Resistance and Immunity

The human body is under constant attack from a wide range of invaders. The body has to face these attacks from conception in the womb till the end of life. These invaders include diverse entities such as bacteria, viruses, parasites and cancer cells. The body has thus developed protective mechanisms to survive.

These protective measures can be divided into two categories:

Non-specific defense mechanisms: Non-specific defense mechanisms are not specialized for a particular kind of invader. There are two types of non-specific defense mechanisms:

  1. First line of defense: Barriers such skin and mucous membranes
  2. Second line of defense: Internal defenses such as leukocytes and anti-microbial proteins

Specific defense mechanisms: Specific defense mechanisms can be grouped under the term immunity. The immune system can be considered the third line of defense. It consists of mechanisms and agents that target specific antigens. An antigen is any molecule that can be identified as foreign (nonself) or self and stimulates an immune response. An antigen may be a toxin, viral protein, or molecules present in the plasma membranes of bacteria or other foreign cells. Once the antigen is recognized, the immune system releases an agent which targets that specific antigen.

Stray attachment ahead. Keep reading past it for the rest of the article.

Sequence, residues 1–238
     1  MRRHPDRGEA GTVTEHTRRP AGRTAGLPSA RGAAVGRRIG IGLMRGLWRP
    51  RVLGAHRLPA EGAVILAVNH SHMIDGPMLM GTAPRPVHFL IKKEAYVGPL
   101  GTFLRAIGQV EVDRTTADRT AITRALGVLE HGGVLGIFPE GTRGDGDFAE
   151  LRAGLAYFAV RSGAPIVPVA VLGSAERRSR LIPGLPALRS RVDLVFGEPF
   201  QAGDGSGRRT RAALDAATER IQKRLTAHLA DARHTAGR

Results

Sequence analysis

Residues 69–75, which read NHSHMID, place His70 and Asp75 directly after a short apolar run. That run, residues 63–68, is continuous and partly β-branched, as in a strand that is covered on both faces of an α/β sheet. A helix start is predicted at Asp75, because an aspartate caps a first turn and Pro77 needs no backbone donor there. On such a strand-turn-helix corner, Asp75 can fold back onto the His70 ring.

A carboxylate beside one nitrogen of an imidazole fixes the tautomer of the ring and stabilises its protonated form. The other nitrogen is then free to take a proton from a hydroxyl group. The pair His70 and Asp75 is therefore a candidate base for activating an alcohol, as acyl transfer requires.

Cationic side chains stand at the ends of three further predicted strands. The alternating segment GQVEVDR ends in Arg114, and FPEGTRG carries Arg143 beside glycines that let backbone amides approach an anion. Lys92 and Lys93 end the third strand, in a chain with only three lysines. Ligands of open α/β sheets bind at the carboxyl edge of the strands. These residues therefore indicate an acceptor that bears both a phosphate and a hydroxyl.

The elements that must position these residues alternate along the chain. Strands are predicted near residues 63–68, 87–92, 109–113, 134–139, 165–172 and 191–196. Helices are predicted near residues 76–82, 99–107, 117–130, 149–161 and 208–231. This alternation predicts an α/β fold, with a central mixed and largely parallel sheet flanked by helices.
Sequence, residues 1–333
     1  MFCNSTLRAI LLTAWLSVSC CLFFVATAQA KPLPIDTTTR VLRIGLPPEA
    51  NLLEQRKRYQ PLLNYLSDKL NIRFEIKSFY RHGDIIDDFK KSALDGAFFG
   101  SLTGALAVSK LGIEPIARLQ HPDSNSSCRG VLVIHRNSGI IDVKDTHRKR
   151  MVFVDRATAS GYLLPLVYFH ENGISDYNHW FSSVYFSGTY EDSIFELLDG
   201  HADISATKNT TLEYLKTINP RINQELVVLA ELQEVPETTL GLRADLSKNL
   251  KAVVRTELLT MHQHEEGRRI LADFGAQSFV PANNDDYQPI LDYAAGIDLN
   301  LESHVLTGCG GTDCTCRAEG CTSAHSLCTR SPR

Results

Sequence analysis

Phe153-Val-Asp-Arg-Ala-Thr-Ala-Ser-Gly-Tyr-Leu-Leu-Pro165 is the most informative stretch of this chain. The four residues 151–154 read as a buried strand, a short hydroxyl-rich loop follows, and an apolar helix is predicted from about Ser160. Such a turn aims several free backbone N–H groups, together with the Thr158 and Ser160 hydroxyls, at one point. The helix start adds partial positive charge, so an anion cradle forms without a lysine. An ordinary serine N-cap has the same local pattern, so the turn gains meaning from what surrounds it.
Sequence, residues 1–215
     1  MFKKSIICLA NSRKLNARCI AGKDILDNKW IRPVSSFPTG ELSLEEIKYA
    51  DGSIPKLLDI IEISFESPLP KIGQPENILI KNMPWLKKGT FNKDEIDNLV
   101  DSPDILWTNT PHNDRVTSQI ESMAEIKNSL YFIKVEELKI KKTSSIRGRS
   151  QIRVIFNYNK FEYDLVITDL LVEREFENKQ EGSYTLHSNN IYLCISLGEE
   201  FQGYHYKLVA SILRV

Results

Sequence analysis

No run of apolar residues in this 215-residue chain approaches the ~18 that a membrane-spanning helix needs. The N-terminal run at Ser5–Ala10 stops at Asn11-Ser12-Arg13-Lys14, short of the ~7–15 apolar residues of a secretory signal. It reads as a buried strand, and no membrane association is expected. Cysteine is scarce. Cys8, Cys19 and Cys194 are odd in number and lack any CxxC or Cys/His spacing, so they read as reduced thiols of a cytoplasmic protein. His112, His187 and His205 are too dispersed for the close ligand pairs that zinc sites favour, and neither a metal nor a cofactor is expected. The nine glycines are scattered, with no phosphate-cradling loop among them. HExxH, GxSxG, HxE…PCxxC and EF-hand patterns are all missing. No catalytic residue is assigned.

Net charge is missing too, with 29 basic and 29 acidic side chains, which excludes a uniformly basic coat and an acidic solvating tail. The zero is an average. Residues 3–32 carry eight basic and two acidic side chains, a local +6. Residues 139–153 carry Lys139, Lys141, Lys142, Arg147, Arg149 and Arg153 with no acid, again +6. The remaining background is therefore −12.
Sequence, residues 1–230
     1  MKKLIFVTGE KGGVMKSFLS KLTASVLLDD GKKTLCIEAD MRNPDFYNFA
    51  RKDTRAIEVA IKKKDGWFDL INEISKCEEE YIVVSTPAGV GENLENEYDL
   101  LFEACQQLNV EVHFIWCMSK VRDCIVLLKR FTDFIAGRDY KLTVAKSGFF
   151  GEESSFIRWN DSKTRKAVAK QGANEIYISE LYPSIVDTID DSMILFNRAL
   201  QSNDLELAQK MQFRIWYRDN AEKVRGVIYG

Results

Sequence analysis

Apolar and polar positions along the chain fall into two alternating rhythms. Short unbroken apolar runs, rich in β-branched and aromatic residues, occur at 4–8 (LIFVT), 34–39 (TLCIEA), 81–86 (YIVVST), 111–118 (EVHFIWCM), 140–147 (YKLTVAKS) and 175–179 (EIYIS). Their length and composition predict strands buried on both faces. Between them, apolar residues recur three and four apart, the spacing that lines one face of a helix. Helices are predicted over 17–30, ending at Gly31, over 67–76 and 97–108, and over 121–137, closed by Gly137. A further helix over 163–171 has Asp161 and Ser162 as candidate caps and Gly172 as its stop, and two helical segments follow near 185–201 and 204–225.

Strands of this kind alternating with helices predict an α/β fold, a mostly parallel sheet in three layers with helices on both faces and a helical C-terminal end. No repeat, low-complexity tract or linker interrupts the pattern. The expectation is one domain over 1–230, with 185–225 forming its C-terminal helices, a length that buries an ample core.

Topics in this section

  • Non-specific defence mechanisms
    • Defence at body surfaces
    • Phagocytosis
    • Natural antimicrobial substances
    • The inflammatory response
      • Acute inflammation
      • Chronic inflammation
      • Fibrosis (scar formation)
    • Immunity
      • Cell-mediated immunity
      • Antibody-mediated (humoral) immunity
      • Acquired immunity
    • Hypersensitivity (allergy)
      • Type I, anaphylactic hypersensitivity
      • Type II, cytotoxic hypersensitivity
      • Type III, immnune-complex-mediated hypersensitivity
      • Type IV, delayed type hypersensitivity
    • Autoimmune diseases
    • Immunodeficiency
      • Acquired immune deficiency syndrome (AIDS)